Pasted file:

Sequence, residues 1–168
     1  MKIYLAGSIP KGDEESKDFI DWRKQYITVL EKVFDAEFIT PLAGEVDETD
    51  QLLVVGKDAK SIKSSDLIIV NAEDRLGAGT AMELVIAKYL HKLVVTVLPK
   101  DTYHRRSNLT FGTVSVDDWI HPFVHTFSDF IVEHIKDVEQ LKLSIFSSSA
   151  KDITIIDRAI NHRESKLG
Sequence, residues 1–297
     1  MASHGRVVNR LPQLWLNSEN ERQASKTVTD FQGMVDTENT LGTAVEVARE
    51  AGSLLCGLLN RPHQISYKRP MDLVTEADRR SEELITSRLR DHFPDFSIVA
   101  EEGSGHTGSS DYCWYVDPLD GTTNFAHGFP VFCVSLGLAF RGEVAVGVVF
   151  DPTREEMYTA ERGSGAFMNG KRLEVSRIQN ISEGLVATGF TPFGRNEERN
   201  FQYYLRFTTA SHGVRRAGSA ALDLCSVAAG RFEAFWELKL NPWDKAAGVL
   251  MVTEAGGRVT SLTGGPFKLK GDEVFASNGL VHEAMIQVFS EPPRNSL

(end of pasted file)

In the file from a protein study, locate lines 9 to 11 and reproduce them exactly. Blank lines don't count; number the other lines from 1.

   101  EEGSGHTGSS DYCWYVDPLD GTTNFAHGFP VFCVSLGLAF RGEVAVGVVF
   151  DPTREEMYTA ERGSGAFMNG KRLEVSRIQN ISEGLVATGF TPFGRNEERN
   201  FQYYLRFTTA SHGVRRAGSA ALDLCSVAAG RFEAFWELKL NPWDKAAGVL